A staggering 25 percent of the global population is now between the ages of 10 and 24. And while meeting the needs of an outsized youth population would be a challenge for any country, the majority of the world’s young people are concentrated in resource-strapped nations. As this so-called “youth bulge” continues to grow, developing countries will need the support of developed nations and private organizations to ensure every young person has the chance to become a self-sufficient adult.
International non-profit Global Communities is working alongside the U.S. Agency for International Development (USAID) to make sure today’s youth have the foundation they need to lead healthy, happy lives. Here are just a few examples of how:
Giving Youth a Voice in Local Government
Palestine, Honduras and Ukraine may be worlds apart, but all three countries are home to swelling youth populations with high levels of disillusionment in government. Recognizing both the challenges – and potential dangers – of a disaffected youth and the benefits of an engaged citizenry, Global Communities teamed up with USAID to foster civic participation among young people.
Through the creation of Youth Local Councils – designed to mirror local government institutions – young people between the ages of 15 and 20 gather to elect representatives from among their peers. The elected representatives are then tasked with advocating for young people before local government. By participating in these councils, young people not only learn how their government functions, they have a chance to make their voices heard. And for some participants, like those in Palestine, the councils may provide their only exposure to democratic electoral processes.
First created in the West Bank in 2008 with 700 young people, about 20,000 young Palestinians are involved in these councils today across 20 different communities. And Global Communities has recently brought the youth council model to Honduras and Ukraine.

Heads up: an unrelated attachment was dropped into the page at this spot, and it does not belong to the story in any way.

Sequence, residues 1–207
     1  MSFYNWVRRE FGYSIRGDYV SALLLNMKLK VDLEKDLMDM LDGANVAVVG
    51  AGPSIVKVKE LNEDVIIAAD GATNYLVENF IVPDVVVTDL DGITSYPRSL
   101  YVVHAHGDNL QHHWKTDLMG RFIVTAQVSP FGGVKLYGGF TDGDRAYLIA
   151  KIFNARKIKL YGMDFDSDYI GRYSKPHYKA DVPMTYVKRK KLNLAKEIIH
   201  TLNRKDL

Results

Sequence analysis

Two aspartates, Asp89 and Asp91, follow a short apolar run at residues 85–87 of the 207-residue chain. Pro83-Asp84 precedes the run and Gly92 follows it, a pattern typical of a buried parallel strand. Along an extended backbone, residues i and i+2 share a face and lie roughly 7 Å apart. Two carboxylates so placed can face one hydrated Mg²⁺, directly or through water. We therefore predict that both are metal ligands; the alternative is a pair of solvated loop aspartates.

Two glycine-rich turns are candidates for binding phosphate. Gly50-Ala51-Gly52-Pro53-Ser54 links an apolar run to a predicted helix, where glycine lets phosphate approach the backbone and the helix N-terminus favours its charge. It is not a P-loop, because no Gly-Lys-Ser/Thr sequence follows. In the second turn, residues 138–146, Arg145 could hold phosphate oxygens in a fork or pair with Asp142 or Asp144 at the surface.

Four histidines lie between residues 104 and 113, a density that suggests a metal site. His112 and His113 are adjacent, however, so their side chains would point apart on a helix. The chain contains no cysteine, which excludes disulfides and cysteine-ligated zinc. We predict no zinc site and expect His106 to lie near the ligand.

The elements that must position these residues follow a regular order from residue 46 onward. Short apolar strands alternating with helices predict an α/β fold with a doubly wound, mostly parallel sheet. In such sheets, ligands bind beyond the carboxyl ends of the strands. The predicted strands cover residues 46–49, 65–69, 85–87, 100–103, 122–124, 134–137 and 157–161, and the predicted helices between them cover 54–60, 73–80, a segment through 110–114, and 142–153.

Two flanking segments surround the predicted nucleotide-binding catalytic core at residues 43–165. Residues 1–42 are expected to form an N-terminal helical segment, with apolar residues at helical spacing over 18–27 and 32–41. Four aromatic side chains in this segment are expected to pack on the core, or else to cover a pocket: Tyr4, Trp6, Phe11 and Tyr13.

Empowering Teens to Become the First AIDS-Free Generation
Just 15 years ago, nearly 30 million people were living with HIV/AIDS in sub-Saharan Africa alone and only 50,000 were receiving treatment. Fast forward to today, and more than 14 million men, women, and children are on life-saving antiretroviral drugs. The President’s Emergency Plan for AIDS Relief – or PEPFAR – has played a major role in helping to bring what was once a global pandemic to the brink of epidemic control, without a vaccine or a cure.
But we cannot afford to ease up at this stage in the fight against HIV/AIDS. Vulnerable populations remain at high risk of contracting HIV, particularly adolescent girls. In fact, about 1,000 teenage girls and young women contract HIV every day. Global Communities plans to change that.
In partnership with PEPFAR, Global Communities established a program in Kenya known as Healthy Outcomes through Prevention Education, or HOPE. Through the program, adolescent girls and boys learned how to effectively prevent HIV and STI transmissions as well as how to differentiate between myths and facts regarding HIV/AIDS. With an enhanced understanding also came increased acceptance of those living with the disease, an important step in the effort to reduce stigma. And because the program was carried out through schools, local educators will be able to pass on their newfound knowledge to future students – giving us reason to hope that more young girls will be able to grow up free from the fear of HIV.
Building a Better Future for Kids in Refugee Communities
As Syria’s brutal civil war stretches into its eighth year, neighboring countries and communities have struggled to accommodate the millions of Syrians who have fled their homes. The Jordanian border town of Sabha wa Dafianeh is no exception. Since war erupted in Syria, the town’s population has grown by 60 percent – and more than half of the 12,000 residents are Syrian refugees. Already a poor community, with more than half of the population also under the age of 19 – the influx of refugees has significantly strained the local economy and has made it even harder for young people to find jobs.
Together, Global Communities and USAID are working to support communities like Sabha wa Dafianeh through a five-year-long Community Engagement Project. By coordinating with local governments, municipalities, and community organizations the project has been able to address key needs – from improving local schools and the women’s health center, to making sure public services like trash collection keep pace with demand.
The project has also supported growing youth populations through sport and recreational activities. In Sabha wa Dafianeh the project organized a basketball tournament for local Jordanian and Syrian girls as a way to simultaneously promote friendship between girls of different nationalities and challenge gender stereotypes.